Fig 2: Distributions of daily volume in % of market capitalization for to 18 coins

What is striking is that there are clear differences in how the individual currencies are traded. From ETC, for example, on about 187 days since August 3, 2017, more than 10% of the total market capitalization went over the counter, well understood per day!

For MIOTA this was only 1.5% and for XEM only 0.71% and more of the market capitalization per day in 187 days.

In the next figure 3 I show only the medians and insert two horizontal lines for better readability. The red dotted line at 5% separates the high-volume currencies I classify as TRADER currencies (ETC, EOS, TRX, ZEC, LTC, BNB) from the rest. The lower black dashed line at 2.5% separates the currencies with minimal trading volume, which I classify as HODLER currencies (XEM, MIOTA, XLM, XRP, XMR, ADA), from the rest. In the middle are hybrid currencies, which are used both as TRADER currencies and as HODLER currencies (BTC, OMG, BCH, ETH, NEO, DASH). Scaling on the y-axis is linear.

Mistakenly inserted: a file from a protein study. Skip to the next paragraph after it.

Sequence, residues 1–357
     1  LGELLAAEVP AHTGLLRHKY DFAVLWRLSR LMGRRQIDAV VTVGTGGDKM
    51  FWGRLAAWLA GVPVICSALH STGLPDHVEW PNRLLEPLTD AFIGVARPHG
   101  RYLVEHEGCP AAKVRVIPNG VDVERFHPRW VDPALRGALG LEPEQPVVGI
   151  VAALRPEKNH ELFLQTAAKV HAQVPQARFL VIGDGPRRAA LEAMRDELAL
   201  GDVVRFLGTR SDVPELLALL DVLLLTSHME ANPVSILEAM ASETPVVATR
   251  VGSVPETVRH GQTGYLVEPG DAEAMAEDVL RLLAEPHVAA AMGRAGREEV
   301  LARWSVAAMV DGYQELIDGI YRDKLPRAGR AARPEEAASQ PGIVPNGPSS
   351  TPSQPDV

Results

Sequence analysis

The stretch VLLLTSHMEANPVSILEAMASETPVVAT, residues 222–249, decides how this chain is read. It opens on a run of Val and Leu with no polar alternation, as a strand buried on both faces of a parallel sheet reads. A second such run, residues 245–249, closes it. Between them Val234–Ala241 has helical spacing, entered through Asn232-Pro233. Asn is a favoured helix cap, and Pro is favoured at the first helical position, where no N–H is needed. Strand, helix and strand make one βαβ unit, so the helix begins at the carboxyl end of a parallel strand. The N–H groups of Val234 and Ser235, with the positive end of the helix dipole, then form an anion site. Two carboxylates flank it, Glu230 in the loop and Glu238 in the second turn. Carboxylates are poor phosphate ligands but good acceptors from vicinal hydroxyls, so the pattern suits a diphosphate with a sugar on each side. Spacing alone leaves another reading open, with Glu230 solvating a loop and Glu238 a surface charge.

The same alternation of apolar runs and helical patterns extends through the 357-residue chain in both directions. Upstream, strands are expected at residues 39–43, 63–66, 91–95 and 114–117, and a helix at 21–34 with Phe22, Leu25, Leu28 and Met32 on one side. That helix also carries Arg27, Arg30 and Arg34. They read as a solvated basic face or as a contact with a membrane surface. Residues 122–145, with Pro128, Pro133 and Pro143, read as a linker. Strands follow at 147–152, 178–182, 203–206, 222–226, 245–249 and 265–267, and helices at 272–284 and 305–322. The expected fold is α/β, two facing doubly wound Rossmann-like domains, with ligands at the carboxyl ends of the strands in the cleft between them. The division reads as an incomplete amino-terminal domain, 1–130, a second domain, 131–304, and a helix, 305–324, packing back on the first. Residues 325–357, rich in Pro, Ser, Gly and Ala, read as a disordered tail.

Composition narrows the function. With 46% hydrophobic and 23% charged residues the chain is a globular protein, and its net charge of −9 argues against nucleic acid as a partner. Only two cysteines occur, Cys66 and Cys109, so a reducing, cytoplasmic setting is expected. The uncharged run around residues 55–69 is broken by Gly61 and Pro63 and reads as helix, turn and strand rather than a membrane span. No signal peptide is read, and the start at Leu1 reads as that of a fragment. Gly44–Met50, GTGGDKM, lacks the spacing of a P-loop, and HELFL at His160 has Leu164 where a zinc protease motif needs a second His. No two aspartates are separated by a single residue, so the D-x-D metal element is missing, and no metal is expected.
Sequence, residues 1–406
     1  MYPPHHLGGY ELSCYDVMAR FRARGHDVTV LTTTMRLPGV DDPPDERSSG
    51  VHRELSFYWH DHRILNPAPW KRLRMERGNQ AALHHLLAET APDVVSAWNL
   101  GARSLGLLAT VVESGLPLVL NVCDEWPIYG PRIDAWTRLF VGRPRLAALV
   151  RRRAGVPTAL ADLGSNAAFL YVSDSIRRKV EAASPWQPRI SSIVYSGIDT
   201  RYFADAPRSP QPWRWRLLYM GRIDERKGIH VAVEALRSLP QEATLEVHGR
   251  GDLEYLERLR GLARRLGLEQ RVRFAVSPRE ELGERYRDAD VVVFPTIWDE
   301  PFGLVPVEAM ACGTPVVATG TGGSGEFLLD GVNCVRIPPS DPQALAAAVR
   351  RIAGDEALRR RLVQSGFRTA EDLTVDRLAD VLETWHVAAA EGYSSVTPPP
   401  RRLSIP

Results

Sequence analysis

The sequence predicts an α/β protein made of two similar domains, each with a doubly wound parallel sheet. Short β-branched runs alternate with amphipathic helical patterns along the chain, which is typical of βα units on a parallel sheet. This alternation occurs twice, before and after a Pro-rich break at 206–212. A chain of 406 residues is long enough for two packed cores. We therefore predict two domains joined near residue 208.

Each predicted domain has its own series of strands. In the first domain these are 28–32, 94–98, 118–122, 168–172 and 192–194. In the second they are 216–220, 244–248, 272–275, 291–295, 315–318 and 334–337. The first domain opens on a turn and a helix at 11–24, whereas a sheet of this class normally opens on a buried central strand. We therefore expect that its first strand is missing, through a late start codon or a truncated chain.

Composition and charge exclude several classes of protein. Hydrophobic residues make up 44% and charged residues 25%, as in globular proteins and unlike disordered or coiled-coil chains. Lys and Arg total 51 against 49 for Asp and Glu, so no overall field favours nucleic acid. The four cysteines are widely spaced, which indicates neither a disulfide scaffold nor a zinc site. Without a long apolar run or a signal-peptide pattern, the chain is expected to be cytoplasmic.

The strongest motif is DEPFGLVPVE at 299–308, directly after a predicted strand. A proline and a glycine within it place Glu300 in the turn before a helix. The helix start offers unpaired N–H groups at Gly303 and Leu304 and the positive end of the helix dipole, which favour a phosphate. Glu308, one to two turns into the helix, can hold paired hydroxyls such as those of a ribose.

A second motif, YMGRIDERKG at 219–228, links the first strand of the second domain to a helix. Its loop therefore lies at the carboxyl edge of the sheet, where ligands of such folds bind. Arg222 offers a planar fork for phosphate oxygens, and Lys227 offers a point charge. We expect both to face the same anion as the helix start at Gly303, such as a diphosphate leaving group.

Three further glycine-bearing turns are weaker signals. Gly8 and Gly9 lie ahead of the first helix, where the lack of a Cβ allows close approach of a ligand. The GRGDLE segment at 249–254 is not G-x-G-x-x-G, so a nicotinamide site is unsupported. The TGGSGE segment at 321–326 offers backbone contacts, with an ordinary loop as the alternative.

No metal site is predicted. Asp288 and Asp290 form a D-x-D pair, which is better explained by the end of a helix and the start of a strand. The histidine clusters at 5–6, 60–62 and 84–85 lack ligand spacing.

Fig. 3: Median of daily volumes in % of market capitalization

If we now look at the influence of the relative trading volumes of the respective currencies on their exchange rates, we see that exchange rates can certainly be influenced by high relative volumes. Figures 4 to 6 show the price trends of TRADER, HYBRID and HODLER currencies (green line, logarithmic scale) together with the daily trading volume in % of their own market capitalization (black line, linear scale) and total cryptomarket capitalization (blue line, logarithmic scale) over the period from August 3, 2017 to August 12, 2018. The red vertical line is the culmination point from January 7th, 2018, respectively. The time when the bull market ended.

Fig. 4: Daily relative trading volumes and price chart of TRADER coins together with total market capitalization